Stress is a killer – at work and at home. It may be the reason that the heartburn drug – Nexium – is the #2 selling drug in America.
Yet stress itself isn’t new. It has always existed, and won’t likely disappear from our modern world any time soon. So learning how to cope with it – outside of drugs – would provide many benefits.
For married couples, they have a secret weapon at their disposal – should they choose to embrace it. And it’s freely available for the taking.
It’s the value of support.
A recent study, conducted by Florida State University professor Wayne Hochwarter, reported that a supportive spouse can help stressed-out workers maintain a positive outlook on the job.
When compared to those without solid spousal backing, the research findings revealed that the benefits of a supportive spouse provided:
- 25% higher rates of concentration levels at work
- 33% more likely to have positive relationships with coworkers
- 20% higher level of job satisfaction
- 25% lower likelihood of after-work fatigue
For some these findings might seem obvious. But if you have been waiting for proof on why YOU need to become a supportive spouse, now you have it.
The Value of Support
Providing support at the right moment can be life changing. If you embrace this value, you will make a significant impact on others – including your spouse.
As a differentiating value, Support means furnishing encouragement; providing for or maintaining; bearing the weight of. From the viewpoint of others, it means you help carry the load.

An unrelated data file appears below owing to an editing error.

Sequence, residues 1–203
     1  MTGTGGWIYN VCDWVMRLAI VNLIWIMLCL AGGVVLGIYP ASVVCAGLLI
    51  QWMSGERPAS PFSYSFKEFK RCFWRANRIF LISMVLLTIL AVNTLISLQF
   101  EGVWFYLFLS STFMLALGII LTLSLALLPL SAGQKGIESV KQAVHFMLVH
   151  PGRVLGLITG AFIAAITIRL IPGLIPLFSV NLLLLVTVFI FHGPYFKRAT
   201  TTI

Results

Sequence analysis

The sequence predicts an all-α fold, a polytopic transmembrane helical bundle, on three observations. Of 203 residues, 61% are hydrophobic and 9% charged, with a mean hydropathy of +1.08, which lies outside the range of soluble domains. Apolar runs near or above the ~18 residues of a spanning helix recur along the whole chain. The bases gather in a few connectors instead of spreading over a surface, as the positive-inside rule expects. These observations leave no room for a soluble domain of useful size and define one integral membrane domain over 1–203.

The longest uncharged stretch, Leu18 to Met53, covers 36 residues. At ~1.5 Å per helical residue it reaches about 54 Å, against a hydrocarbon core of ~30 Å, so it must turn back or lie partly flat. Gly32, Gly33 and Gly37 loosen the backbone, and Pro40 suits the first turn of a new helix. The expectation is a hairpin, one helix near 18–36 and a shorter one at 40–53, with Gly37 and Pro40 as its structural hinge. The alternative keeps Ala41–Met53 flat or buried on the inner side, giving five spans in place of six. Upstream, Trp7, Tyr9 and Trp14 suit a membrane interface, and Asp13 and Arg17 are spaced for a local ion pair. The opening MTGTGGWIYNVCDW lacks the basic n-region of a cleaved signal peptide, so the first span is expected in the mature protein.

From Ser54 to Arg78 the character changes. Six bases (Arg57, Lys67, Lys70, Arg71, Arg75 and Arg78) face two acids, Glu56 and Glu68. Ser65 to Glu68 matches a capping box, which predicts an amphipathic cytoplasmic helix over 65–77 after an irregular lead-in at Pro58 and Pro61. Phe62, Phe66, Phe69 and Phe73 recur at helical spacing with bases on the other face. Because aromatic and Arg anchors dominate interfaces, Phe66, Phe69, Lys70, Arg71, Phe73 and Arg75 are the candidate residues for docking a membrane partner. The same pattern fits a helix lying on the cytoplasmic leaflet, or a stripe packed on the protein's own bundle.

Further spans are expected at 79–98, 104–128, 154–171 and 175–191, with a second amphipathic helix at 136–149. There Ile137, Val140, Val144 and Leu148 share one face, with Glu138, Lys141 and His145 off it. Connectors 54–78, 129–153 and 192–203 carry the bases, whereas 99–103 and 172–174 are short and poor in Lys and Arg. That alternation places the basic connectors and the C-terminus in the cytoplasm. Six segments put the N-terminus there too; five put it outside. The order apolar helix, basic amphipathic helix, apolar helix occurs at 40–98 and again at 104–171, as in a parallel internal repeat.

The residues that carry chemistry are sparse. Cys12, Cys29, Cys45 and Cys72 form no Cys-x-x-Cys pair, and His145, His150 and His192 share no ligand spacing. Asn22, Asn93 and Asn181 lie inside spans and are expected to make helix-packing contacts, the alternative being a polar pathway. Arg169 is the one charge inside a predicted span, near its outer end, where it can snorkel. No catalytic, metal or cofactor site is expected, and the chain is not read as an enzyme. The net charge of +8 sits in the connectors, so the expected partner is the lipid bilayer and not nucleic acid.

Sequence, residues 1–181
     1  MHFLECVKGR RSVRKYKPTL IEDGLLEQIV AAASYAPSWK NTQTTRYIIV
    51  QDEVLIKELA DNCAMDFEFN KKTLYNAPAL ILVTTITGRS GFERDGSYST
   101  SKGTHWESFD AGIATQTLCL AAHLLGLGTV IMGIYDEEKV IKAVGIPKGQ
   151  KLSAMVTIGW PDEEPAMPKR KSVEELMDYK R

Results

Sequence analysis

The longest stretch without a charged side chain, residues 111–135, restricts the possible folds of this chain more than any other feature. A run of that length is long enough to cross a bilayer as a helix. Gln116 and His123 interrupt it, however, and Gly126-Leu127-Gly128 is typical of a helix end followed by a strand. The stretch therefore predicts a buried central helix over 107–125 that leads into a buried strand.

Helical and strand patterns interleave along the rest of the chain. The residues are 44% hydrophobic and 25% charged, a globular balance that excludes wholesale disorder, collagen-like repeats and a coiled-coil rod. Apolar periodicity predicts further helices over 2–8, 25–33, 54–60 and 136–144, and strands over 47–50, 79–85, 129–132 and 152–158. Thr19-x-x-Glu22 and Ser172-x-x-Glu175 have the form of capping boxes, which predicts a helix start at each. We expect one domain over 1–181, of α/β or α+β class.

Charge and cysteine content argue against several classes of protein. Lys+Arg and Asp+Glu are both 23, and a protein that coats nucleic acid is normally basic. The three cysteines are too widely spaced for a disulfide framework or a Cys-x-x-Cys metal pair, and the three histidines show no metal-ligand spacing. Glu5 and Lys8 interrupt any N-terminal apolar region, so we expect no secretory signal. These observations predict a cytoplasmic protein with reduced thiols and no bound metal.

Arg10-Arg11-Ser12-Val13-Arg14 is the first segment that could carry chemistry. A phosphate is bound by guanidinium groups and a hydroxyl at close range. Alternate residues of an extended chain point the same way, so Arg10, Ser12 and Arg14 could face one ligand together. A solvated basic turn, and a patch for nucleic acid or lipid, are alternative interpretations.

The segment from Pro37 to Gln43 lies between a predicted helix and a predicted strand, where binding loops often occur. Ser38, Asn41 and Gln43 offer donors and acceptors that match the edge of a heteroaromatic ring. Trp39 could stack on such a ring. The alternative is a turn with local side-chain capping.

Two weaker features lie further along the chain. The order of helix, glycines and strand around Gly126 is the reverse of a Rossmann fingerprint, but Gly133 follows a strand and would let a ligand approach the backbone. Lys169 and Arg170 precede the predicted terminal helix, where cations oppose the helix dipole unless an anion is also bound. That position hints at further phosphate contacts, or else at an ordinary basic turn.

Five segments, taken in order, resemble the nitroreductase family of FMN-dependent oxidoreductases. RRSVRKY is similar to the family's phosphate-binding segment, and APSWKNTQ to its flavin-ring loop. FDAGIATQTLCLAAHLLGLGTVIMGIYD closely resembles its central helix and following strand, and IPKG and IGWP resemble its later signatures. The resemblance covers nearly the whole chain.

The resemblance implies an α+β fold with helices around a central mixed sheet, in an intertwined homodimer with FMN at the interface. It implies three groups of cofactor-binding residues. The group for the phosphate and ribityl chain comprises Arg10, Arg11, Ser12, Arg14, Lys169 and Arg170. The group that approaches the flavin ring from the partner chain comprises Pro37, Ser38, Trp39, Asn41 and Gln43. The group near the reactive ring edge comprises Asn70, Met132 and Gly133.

Don’t you feel better, stronger, more capable when you have someone helping to carry the load? So why wouldn’t every married person want to be a support for his or her spouse?
In his research, Hochwarter suggests that even with the best of intentions, it can be difficult to be supportive if your own personal tank is empty.
Always keep some supportive resources – emotional energy, encouraging words, expressions of confidence – on reserve, ready to be tapped on demanding days.
Is it hard to be supportive some days? Absolutely. But the benefits are worth the investment. What you do for your spouse also benefits you.
To coin a popular saying adapted for married couples:
a supportive spouse creates a supported house.
What are other benefits from being a supportive spouse?